“Lyfe N Tyme”-The B.U.M.S a.k.a Brothers Unda Madness
Dropped: May, 1995 via Priority
Purchase “Lyfe & Tyme” HERE
Often likened to their West Coast counterparts, the Pharcyde, the duo of Evocalist & D. Wyze a.k.a. the B.U.M.S. a.k.a. Brothers Unda Madness carried on the tradition of quality Hip Hop emerging from the West’s underground scene in the mid-90′s with the release of their one and only LP release, “Lyfe N Tyme”. With a healthy “push” from a few well-known California “Wake Up Show” hosts, noticeably the Bay’s Baka Boyz and L.A.’s King Tech, the B.U.M.S. were able to to stake their claim in the West Coast “pool of underground” emcees not named Souls of Mischief or Freestyle Fellowship (see: Anotha Level or even better, just scroll down, lol).
The first single from the B.U.M.S., “Elevation” jerked the Teddy P anthem “Close The Door” for it’s backdrop and paved the way for the release of “Lyfe N Tyme”, which finally dropped in the early summer months of 1995. On the LP, the B.U.M.S. display an intellectual hood point of view which combined street philosophy with L.A. B-Boy street sense. The duo’s straight forward, no punches pulled, delivery and rhymes mirrored the laid-back flows from most of the West’s more lyrical field of the era. With the bulk of the LP’s production handled by Joe Quixx, “Lyfe & Tyme” is bouncy long player that has aged surprisingly well and has proved to be a timeless listen.
Highlights from the LP include “Take A Look Around” and the backpacker favorite “6 Figures & Up”, which is arguably the duo’s most notable track. However, it’s the xylophone and sleigh bells that hold the LP’s title cut close to my soul (the track also features a very smooth appearance from Mystic. Speaking of guest slots, the author of one of my favorite slept-on LP’s of all-time, “Boxcar Sessions”, Saafir damn near steals the show on a B-Side cut that didn’t appear on the album, “Rain” (see below).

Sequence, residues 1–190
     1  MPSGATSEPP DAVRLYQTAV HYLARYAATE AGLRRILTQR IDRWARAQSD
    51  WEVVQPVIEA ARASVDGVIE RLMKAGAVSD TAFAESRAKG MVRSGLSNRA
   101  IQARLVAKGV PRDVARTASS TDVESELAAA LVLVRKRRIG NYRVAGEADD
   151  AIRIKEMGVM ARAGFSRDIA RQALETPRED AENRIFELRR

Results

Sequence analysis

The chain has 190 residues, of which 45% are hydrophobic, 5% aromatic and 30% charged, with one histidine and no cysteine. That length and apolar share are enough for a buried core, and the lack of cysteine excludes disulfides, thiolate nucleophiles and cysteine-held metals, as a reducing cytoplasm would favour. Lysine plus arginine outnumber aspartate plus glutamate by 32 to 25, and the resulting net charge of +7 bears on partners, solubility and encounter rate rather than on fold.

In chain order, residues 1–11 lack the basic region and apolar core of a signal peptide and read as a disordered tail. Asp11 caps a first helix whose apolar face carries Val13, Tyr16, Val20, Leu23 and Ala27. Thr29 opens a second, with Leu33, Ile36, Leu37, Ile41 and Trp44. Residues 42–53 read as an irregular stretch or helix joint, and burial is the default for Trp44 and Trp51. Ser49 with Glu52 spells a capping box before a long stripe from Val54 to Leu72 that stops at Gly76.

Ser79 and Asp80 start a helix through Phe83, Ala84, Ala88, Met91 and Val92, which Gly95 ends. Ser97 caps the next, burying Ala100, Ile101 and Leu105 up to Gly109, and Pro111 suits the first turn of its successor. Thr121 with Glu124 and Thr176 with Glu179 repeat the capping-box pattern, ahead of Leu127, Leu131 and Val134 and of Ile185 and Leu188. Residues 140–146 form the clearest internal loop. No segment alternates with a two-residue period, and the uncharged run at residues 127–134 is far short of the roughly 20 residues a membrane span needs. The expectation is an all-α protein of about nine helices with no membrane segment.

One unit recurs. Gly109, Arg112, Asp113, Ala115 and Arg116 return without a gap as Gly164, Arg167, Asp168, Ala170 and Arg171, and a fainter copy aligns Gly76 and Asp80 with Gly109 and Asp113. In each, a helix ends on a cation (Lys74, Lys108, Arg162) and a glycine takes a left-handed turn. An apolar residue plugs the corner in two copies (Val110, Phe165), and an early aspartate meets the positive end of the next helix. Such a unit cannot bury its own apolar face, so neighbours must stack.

In the end, the B.U.M.S. definitely showed promise, but the production was pretty “safe” to say the least and some of the album’s tracks do fall flat, yet the duo’s charisma was not quite enough to not make the album’s flaws noticeable.
annnnnnnd in this corner……
“World Ultimate”-The Nonce
Dropped: Late February 1995 via Warner Bros.
Purchase “World Ultimate” HERE
Combining old school B-Boy “isms” with easy going if not “experimental” production, The Nonce managed to recall a pinch of early LL coupled with the mannerisms and lyrical dexterity of the Pharcyde and production techniques of the Tribe on their stellar debut album “World Ultimate”. Yet the kicker, and ultimately what impeded on the album’s sales and overall notoriety, is poor promotion and bad timing. I mean, really, think about what “World Ultimate” was in the mix with? ”The Main Ingredient”, “Everything Is Everything”, “The Most Beautifullest Thing In This World”…needless to say, “World Ultimate” was one of those Tuesday purchases when the new, more noteworthy releases were slim and none.
However, the Nonce’s debut was crazy refreshing, and still is! I totally forgot how dope this album is, I bet it’s been damn near half a decade since I enjoyed “World Ultimate”, prior to this week. Yet, tracks like “Good To Go”, with it’s “buzzing” hook and “World Ultimate” often take a backseat to the duo’s most productive singles, “Mix Tapes” and “Bus Stops”, but it’s the two aforementioned tracks that are astounding and feature the duo’s true production talents. Oh, by the way, the “duo” being Nouka Basetype and Yusef Afloat, sorry for the oversight two paragraphs in, lol.
The Nonce tapped into a new era with this celestial debut dripping with syrupy, bass-heavy, jazz-trimmed tracks and simplistic, tongue in cheek, often playful lyrics. Aside from the aforementioned highlights there’s “On The Road Again”, a easy going cut that chronicles the stresses of life on tour and defines the term “breezy”. And hell, what’s an album without a good posse cut? ”West Is..” is a funky bell ringer and big up to all West Coast emcees carving out their craft alongside the Nonce during their heyday, as guest emcees Suggah Bear (of Urban Prop) and Meen Green provide lyrical wreck.
Ultimately, serving up raw Hip-Hop, the Nonce proved that you don’t have to be crazy, otherworldly lyrical gymnast to stand to be meaningful, you just have to mean well. And even though times change, it’s safe to say that “World Ultimate”, while criminally overlooked, stretched musical boundaries and pushed this LP into another atmosphere. It’s a shame how I’ve slept-on The Nonce, this album is pure “Bobbito” butters! ”World Ultimate” is the victor, all day and surprisingly, note even close….